[Dixielandjazz] Two Emmetts

TBW504 at aol.com TBW504 at aol.com
Sat May 1 05:53:57 PDT 2010

In addition to Emmett Berry, another musician with the name "Emmett" was  
the reputedly great player:
HARDY, Emmett Louis     Cornet
1903, Jun 12:  Gretna, LA     1925, Jun 16
A Dixieland prodigy who  died young. Started on piano and guitar, switching 
to cornet when he was twelve.  Emmett's father, Harry Hardy, played tuba in 
a local band and his mother was an  amateur pianist. His grandfather, 
Dennis Kennedy, was a gifted fiddler from  Ireland. (An uncle, R. Emmett Kennedy, 
was mentioned by Roy Carew as a collector  of Negro songs and spirituals, 
who heard and subsequently arranged a complete  blues, "Honey Baby" that went 
back to at least the early part of the century.)  According to his friend, 
Monk Hazel, Emmett had lessons from Fess Manetta in  nearby Algiers. He also 
had lessons with the bandleader Professor Paoletti.  Toured from Chicago 
with the New Orleans Rhythm Kings. He was said to have  influenced Bix 
Beiderbecke. In New Orleans he played mainly with the Norman  Brownlee Orchestra 
where he was replaced by Johnny Wiggs. In 1921 he was in  Chicago in a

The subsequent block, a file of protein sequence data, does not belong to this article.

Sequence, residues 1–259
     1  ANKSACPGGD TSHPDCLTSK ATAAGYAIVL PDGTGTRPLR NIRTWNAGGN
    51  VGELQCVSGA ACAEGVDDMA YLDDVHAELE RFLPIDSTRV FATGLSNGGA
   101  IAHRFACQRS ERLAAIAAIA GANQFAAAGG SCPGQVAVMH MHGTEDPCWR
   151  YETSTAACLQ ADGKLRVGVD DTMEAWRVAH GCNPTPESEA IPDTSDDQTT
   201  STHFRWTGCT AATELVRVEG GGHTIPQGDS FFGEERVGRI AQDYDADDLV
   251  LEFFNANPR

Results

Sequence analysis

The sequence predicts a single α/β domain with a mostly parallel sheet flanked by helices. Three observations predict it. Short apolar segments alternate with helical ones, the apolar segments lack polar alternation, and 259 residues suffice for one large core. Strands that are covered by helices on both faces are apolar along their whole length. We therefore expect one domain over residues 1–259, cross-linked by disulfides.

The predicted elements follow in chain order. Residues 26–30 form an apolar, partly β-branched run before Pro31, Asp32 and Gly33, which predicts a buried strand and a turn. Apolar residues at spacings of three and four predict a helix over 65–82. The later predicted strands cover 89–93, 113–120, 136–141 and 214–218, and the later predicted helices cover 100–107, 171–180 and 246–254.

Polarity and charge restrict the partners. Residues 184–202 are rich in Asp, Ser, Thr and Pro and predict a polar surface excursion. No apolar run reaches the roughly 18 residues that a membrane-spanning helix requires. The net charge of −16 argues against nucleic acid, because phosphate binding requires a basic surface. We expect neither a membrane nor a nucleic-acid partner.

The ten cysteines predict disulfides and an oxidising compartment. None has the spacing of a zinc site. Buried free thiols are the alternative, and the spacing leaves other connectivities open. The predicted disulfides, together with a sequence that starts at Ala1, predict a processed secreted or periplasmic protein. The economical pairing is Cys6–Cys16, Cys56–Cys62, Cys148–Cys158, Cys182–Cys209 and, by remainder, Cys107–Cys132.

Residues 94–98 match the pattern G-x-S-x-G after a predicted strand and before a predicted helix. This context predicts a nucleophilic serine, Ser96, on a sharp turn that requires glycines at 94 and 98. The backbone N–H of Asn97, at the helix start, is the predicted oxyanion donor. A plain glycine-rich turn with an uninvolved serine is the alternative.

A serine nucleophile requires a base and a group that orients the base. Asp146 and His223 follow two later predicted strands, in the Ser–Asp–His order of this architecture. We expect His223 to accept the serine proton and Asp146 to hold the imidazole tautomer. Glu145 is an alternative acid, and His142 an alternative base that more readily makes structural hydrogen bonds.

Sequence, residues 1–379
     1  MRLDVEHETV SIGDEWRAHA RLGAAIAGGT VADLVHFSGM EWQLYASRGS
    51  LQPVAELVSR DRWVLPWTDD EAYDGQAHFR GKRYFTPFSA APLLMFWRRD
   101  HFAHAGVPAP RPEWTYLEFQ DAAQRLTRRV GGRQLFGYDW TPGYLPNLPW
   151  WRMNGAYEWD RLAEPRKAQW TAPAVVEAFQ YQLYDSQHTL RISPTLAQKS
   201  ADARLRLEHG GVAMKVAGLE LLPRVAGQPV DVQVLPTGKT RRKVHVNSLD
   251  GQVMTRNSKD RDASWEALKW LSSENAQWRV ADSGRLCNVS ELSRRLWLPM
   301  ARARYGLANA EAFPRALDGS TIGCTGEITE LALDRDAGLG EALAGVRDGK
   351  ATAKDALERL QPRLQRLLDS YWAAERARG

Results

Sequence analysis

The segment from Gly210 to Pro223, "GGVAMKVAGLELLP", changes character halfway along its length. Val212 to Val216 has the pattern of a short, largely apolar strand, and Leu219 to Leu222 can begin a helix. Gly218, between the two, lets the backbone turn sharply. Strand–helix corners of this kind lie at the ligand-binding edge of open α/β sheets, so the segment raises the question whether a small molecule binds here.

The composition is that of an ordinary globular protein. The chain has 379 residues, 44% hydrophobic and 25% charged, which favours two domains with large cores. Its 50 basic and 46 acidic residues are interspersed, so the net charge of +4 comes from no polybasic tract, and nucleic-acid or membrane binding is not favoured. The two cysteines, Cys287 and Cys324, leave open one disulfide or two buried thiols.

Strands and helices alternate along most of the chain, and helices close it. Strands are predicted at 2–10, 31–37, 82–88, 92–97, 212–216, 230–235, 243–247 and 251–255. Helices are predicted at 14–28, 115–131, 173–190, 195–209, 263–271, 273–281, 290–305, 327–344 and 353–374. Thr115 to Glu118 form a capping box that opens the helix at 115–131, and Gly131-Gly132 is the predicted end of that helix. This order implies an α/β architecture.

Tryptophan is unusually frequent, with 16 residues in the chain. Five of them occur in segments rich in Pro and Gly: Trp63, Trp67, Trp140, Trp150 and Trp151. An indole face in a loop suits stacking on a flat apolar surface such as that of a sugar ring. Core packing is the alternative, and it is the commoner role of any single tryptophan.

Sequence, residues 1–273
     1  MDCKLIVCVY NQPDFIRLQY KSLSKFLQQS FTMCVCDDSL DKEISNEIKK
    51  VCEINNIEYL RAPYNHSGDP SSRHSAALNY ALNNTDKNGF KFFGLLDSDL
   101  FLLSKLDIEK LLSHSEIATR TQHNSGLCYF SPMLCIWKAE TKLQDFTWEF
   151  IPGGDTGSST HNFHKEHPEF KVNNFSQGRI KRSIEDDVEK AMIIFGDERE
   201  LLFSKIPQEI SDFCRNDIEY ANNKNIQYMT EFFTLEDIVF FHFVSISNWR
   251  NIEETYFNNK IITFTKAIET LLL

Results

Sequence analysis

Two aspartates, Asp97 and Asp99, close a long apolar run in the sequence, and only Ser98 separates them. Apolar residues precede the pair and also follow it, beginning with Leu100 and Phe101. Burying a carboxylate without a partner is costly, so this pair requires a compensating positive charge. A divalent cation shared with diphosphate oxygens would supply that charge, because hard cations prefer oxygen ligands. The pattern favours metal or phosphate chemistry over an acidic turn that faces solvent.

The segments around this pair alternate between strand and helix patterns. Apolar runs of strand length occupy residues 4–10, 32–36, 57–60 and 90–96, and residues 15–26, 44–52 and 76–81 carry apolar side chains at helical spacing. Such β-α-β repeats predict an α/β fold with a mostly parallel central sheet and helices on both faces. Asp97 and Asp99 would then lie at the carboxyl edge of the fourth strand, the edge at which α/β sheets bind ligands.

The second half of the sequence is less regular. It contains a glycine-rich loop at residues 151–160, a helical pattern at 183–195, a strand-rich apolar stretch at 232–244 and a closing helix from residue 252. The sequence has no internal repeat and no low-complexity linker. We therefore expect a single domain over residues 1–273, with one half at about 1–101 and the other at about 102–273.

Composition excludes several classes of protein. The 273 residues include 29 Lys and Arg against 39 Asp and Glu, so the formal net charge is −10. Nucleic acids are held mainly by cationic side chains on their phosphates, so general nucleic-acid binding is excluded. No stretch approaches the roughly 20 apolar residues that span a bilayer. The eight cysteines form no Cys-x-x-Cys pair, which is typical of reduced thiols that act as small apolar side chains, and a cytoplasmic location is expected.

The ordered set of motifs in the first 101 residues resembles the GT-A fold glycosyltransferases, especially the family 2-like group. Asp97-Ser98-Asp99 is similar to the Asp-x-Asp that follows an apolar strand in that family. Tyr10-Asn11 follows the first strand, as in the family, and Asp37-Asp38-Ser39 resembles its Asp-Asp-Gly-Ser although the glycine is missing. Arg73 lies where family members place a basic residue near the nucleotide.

quintet, also including Leon Roppolo supporting the notorious  singer Beatrice 
"Bee" Palmer. (Bee was known as the "Shimmy Queen" whose  lascivious dance 
routine got her banned from time to time.) Emmett returned to  Gretna from 
Chicago and worked in a foundry in Algiers during the day whilst  playing with 
local bands at night which exacerbated his tuberculosis and no  doubt 
contributed to his dreadfully early demise. However, the immediate cause  of death 
was peritonitis following an appendectomy; although his health had been  
severely weakened due to tuberculosis. Martha Boswell (of the Boswell Sisters)  
was his lifelong sweetheart, and she had a monument erected to his memory in  
1934 at a spot down river in Pointe à la Hache. He never recorded 
commercially,  but a home recording on an Edison cylinder was said to have been made 
with  Norman Brownlee, Bill Eastwood and Oscar Moncour. However, like the 
Bolden  cylinder it has never surfaced. Martha Boswell:  "Emmett was to music 
what  Shelley was to poetry." Bix: When Emmett died, Bix sent a letter to 
Emmett's  mother saying in part "Emmett was the greatest musician I have ever 
heard." Ben  Pollack: "Emmett was greater than Bix." Paul Mares: "Emmett was 
even more sure  of himself than Bix. He had more ideas and played with a 
push and drive that Bix  never attained." Monk Hazel: "Emmett preferred 
playing in tough keys like B  natural, F sharp, C sharp, D flat and E natural, 
using all those keys on one  tune and making his modulations into and out of 
choruses." (Quotes from an  article by J. Lee Anderson in a 1992 issue of The 
Mississippi Rag.) 
Brian Wood "The Song for Me"

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